Tip Four: Build a support network.
You already know that writing can be a lonely business, so make use of your Word Cloud network to build support for your self-publishing journey, as well as reaching out to other authors to share advice and tips. It’s never too early to start a blog, develop a Facebook page and set up a Twitter account. Connect with your fellow authors and your readers at every opportunity – and not only with the aim of selling books. Be authentic and be yourself. Give more than you take. Support others and you will find it far easier to ask for help when you need it yourself.

Tip Five: Keep it simple.
Don’t get distracted by this new marketing craze or that new blog post about the latest Amazon antics. Write the best book you can. Edit it well. Research your readers. Get a great cover. Produce something you can be proud of. Get it out into the world without breaking the bank and then let people know about it. Lots and lots of people. And then move on to your next book. Repeat this many times and you have a career. It really works, and it’s easy. All you need to do is make a start.

So, you’ve completed your novel or non-fiction book and you’ve polished and edited it to a high shine. Maybe you want to bring your book to market without following the traditional route of agent queries – or maybe you’ve tried that route and are simply being overlooked in a crowded market of ‘slush pile’ submissions. Our four week Self-Publishing Success course will give you all the skills and information you need go indie. The exercises and feedback will be tailored to your own book and genre, with an experienced and bestselling self-published author to guide you through the process step-by-step. Find out more here!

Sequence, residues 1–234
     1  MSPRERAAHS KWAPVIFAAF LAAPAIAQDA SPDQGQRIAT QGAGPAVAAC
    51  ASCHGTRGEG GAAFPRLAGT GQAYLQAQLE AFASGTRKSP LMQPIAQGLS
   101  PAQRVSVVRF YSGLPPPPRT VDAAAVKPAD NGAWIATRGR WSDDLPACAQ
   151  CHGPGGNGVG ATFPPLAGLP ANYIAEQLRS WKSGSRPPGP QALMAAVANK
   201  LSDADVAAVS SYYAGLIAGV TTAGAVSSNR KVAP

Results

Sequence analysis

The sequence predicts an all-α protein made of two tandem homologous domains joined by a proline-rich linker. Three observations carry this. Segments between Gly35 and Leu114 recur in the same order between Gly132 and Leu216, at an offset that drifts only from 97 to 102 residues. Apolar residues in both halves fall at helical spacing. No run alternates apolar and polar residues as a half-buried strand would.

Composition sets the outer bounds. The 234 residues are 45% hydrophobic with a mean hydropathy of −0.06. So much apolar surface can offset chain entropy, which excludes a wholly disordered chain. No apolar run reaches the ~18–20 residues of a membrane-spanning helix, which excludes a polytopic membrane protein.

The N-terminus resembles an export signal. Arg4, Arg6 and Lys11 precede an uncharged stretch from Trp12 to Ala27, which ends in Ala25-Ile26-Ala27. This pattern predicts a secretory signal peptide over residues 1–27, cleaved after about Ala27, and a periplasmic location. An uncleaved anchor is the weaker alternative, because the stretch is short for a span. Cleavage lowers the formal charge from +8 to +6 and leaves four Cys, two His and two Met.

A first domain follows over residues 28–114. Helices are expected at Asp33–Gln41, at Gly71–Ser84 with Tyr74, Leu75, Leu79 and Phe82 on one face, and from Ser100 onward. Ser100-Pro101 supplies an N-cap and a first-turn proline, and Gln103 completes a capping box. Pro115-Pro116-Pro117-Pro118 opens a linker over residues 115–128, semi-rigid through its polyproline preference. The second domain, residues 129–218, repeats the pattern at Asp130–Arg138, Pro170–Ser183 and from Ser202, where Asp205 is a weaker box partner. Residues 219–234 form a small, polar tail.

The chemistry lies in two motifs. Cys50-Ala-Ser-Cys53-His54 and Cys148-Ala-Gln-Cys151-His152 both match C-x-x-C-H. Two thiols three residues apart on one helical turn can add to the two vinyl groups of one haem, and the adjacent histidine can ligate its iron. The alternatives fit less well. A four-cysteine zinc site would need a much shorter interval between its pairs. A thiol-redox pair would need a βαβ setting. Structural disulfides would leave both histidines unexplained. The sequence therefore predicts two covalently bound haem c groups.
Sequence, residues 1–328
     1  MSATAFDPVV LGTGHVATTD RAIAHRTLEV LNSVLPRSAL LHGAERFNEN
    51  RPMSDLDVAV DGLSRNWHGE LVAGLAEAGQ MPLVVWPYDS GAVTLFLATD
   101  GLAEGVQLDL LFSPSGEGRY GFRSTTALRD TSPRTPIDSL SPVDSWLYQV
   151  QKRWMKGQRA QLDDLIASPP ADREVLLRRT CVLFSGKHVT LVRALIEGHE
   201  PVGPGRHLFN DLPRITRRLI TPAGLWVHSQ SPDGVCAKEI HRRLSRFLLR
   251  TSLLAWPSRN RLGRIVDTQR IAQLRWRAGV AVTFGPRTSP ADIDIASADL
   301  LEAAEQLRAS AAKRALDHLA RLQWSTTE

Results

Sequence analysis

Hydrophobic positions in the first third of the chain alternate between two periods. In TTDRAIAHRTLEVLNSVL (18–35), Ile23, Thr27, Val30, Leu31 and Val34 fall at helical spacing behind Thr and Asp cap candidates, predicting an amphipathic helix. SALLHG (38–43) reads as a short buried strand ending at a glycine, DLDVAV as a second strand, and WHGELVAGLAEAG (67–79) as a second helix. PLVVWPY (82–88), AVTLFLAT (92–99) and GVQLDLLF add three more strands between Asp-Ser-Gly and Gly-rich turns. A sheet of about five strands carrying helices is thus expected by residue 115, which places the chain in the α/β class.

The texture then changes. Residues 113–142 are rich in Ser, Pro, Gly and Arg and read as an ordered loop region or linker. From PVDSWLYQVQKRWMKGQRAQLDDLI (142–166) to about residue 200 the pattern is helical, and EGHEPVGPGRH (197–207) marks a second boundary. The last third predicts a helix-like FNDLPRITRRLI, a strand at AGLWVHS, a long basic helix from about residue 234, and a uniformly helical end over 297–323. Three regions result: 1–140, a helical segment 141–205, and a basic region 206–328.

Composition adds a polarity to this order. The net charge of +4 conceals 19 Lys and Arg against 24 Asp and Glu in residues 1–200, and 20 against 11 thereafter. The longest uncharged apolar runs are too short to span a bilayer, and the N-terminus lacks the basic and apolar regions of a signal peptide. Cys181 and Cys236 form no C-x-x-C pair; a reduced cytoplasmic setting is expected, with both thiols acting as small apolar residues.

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  • Good advice, Julie. I’ve recently pressed the button to approve the proof, after about 50 times of spotting one more thing I didn’t like. Now it’s gone off, and if anyone points anything out, it’s going to be ‘My style’ as it is how I want it now. Like you say, I can’t wait to get back to the writing now.

  • As a professional e-book formatter, I would strongly advise that, of the three—cover design, proofreading, and formatting—an author should spend the least amount of money on e-book formatting.

    E-book display devices and apps are designed to do some fairly complex things to quite simple electronic files. If you, or your formatter, insist upon too many complexities in your e-book file, the customer will end up with a complete mess and you will get the blame. Hence, e-book formatting is extremely simple. The problems arise for most amateurs when they don’t realize that e-book formatting is also extremely specific in its requirements. A good formatter knows this and knows how to handle the specifics correctly. Despite the knowledge required, because of the simplicity of the process a good—meaning also an “ethical”—formatter will charge no more than $100.00 (some charge even less) to format a book of straight narrative text, no matter how long it is. A 300,000-word major novel is not much more difficult to format than a 20,000-word novella. If the author delivers to the formatter a correctly Styled manuscript as a Microsoft Word file, for example, there is no difference in difficulty at all. Non-fiction can cost a bit more because of all of the structure that’s typically required, and formatting a book for print can cost more still, because of the special layout requirements.

    On the whole, though, spend money on proofreading/editing first, then on a great cover. Those are what require a good bit of skill and are worth the money. Don’t get hoodwinked by someone who tries to sell you an expensive formatting job.